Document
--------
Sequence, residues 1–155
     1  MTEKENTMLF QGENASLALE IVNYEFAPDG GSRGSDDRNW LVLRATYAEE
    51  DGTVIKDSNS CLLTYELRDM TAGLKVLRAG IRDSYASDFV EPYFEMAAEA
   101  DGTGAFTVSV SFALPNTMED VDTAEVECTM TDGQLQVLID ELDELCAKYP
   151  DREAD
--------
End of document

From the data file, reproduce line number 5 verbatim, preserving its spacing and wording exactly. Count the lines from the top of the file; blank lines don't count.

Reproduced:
   151  DREAD